Tripoli, 21st March 2022
Libyan farmers on the brink of penury. The conflict in Libya has left the country extremely vulnerable to climate variability and is likely to increase the impacts on food production and therefore livelihoods, food and economic security of thousands.
In Awiniya village, southwest of Tripoli, a region where agriculture is the main source of income for a majority of the population, the raging violence forced many local farmers to abandon their land and homes to seek safety in other areas. After years of displacement, some of the farmers returned to the area to find their lands had parched while vital infrastructure was damaged due to the conflict.
“I can do nothing, I lost everything and had to start again from zero. I started planting trees again as if I was in my first year of farming, but with three consecutive years of drought, the trees didn`t grew and blossom due to the severe weather,“ said Ali, a returnee farmer from Awiniya.
The difficult terrain of this mountain village makes it nonviable for farmers to dig wells, while the only water tank farmers used for emergencies in dry seasons was destroyed during the fierce fighting Awiniya witnessed since 2011.
In a country of mostly desert, where under 2% of the land is arable, more farmers are abandoning their farms amidst a scarcity of water resources, while yields of rainfed agriculture are severely low due to droughts.
Climate change is subjecting Libya to extreme climate events like increased and more severe sand and dust storms, droughts and increased temperatures. Given the impact of years of renewed conflicts, the country’s capacity to adapt has become weaker as needed resources to mitigate climate risks are being shifted to deal with short and long-term consequences of the protracted conflict.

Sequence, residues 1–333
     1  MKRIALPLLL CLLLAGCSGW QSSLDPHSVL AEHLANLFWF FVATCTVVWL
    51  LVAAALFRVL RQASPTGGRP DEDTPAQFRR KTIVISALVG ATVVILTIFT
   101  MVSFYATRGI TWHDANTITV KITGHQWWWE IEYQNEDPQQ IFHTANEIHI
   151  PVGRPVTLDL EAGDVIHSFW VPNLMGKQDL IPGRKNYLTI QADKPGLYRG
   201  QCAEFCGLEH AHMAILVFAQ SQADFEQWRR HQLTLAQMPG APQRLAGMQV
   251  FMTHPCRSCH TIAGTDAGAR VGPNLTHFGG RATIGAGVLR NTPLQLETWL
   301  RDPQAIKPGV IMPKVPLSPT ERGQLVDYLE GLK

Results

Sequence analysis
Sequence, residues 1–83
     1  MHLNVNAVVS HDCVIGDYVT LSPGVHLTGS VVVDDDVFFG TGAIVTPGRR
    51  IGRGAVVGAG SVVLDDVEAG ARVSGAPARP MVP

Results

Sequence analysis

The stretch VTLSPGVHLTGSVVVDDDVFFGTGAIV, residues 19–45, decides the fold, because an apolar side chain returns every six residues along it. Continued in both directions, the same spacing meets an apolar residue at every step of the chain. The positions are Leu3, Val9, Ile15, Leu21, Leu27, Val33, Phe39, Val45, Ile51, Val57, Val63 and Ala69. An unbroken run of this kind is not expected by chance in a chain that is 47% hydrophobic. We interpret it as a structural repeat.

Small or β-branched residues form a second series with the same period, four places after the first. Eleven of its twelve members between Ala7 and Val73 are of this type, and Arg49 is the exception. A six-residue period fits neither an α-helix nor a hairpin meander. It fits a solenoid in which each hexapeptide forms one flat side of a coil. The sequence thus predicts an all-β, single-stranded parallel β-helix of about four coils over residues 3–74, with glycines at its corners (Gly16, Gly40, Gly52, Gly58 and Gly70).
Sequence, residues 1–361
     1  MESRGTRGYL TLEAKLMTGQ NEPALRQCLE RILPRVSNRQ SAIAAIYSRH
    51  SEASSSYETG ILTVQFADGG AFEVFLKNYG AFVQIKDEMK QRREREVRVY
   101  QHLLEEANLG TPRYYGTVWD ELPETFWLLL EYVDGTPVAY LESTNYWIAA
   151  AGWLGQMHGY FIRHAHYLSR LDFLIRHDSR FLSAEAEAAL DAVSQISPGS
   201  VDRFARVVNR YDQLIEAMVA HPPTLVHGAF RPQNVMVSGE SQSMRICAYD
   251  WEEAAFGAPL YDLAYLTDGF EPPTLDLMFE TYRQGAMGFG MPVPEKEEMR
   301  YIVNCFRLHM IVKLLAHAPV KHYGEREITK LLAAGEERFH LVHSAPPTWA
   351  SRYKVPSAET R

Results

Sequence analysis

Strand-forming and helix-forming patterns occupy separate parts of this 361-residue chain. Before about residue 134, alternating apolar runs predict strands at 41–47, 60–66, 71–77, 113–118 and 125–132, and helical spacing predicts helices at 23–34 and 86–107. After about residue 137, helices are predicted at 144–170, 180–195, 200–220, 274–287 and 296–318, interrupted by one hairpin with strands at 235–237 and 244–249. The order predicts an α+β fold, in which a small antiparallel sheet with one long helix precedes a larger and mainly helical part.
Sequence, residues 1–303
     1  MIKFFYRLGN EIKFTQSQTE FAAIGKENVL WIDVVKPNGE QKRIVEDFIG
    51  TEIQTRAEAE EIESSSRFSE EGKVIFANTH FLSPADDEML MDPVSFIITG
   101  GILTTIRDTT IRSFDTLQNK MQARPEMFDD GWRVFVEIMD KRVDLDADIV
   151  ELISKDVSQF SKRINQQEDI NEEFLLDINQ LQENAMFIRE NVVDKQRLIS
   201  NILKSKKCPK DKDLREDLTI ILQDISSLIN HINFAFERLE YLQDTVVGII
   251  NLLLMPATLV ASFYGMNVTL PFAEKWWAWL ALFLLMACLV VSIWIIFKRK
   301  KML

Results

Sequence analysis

Libya witnessed a significant decrease in rainfall between October 2020 and October 2021. The few rainy days over that period only resulted into water ponds that quickly evaporate without penetrating the soil. The irregular intensity of rainfall often causes occasional flooding that highly damages the soil, impacts agricultural production and causes economic loss. These damages are multiplied in some areas where drainage infrastructure is already damaged due to the conflict.
“With the scarcity of rainfall, I can`t afford water trucking to irrigate my orchard throughout the year, maybe in summer yes, if the rainy season had been better, but not for the whole year,” added Ali.
Like all conflict-affected countries, Libya is disproportionately impacted by climate change and is classified among the countries less prepared for climate hazards globally. Conflict has left the country vulnerable to climate variability because of low adaptive capacity which is likely to increase the impacts of natural hazards on agricultural production. The limited renewable water resources, coupled with drought and poor soil, severely limit production, forcing the country to import about 75% of the food required to meet local needs, according to the World Bank.
The repercussions are already being felt in the local markets. “More resources should be invested urgently in arable lands to mitigate the impact. We can see the shock in olive oil prices, for instance, that tripled over the last two years due to reduced production impacted by decrease in rainfall,’, said Dr. Jalal Al-Qadi, from Misrata Agriculture Research Center. “
With a war in Ukraine and Russia, significant producers of wheat, sunflower oil and the price of oil and gas reaching new heights, Libyan’s will bear the brunt of not only a conflict, but also global inflation.
Article based on a press release from ICRC, Tripoli